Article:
Facilitating factors and barriers to the use of medications in publicly funded addiction treatment organizations

J Addict Med. 2010 Jun;4(2):99-107. doi: 10.1097/ADM.0b013e3181b41a32.


Objectives: Publicly funded addiction treatment organizations have been slow to adopt pharmacotherapies. Few studies have examined the organizational factors associated with adoption of different types of medication in this treatment sector. This study identifies organization-level facilitators and barriers to the use of medications in publicly funded addiction treatment organizations.

Methods: Face-to-face interviews with a sample of 318 administrators of a representative sample of publicly funded addiction treatment centers in the US.

Results: Only 23.4% of programs reported using any of the five FDA-approved pharmacotherapies for treating addiction. An additional 14.3% of programs only used medications approved for the treatment of psychiatric disorders. Multivariate multinomial logistic regression results revealed that the odds of adoption of addiction pharmacotherapies were significantly greater in government-owned programs and in programs with more medical personnel. Programs that relied more heavily on non-Medicaid public funding tended to be less likely to adopt addiction treatment medications. Greater contact with pharmaceutical representatives was positively associated with medication adoption.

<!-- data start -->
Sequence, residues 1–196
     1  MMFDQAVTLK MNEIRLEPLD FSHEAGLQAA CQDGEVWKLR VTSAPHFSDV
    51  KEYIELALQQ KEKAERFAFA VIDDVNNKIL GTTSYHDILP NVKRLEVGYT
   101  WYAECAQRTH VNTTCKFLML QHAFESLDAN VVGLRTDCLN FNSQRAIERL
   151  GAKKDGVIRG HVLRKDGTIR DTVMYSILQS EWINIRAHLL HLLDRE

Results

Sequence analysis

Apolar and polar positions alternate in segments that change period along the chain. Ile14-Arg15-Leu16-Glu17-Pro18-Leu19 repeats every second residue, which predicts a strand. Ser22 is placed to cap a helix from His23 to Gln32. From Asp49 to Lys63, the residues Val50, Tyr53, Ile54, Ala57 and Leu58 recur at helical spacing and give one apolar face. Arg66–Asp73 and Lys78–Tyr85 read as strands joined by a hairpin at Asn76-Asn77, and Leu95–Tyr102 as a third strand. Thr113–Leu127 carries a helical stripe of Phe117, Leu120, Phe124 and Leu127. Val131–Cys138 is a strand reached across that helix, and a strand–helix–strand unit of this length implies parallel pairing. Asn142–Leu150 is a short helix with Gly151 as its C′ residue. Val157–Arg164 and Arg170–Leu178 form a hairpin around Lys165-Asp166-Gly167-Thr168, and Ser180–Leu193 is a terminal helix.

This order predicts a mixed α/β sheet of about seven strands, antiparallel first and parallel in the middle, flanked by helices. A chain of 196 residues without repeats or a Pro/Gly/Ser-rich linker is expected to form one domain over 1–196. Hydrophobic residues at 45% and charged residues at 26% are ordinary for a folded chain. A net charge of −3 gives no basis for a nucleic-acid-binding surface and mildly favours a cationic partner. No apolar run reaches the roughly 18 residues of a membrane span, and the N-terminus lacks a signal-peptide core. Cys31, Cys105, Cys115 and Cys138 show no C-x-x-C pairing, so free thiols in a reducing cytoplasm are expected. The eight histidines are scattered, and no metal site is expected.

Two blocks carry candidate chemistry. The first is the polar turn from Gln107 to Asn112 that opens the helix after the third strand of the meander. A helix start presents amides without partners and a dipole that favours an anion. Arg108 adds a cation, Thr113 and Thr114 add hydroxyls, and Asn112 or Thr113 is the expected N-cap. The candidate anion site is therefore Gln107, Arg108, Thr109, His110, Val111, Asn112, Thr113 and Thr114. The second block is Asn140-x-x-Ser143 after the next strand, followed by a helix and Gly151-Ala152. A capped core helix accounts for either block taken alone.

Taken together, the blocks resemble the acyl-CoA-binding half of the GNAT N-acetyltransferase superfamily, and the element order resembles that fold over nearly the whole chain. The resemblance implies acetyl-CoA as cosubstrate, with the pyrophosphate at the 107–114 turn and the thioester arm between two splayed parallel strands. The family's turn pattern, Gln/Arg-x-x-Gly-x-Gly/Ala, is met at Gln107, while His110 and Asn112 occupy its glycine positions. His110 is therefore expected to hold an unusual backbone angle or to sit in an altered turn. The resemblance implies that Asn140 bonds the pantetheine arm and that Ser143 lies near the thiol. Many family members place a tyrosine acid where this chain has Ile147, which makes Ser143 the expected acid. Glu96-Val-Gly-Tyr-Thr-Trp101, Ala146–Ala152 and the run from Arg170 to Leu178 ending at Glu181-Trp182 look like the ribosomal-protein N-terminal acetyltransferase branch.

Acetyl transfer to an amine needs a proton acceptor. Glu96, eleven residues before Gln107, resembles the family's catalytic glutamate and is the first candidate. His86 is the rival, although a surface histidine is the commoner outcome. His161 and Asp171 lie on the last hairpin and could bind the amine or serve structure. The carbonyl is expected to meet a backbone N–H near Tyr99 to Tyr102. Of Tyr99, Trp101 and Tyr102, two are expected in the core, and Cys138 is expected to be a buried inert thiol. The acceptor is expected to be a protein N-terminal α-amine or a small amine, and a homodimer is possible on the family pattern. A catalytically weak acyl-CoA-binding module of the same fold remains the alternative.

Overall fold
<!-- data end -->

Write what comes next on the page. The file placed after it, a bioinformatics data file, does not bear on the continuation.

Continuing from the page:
Conclusions: Current public funding policies and lack of access to medical personnel are barriers to the adoption of medications by publicly funded addiction treatment organizations. Efforts to promote adoption may also benefit from greater detailing activities by pharmaceutical representatives. These findings suggest that the large research investment devoted to developing addiction treatment medications may have limited public health impact due to the characteristics of publicly funded service delivery system as well as the limited attention given to this system by commercial purveyors of medications.

Keywords: health services research; medication adoption; medication-assisted treatment.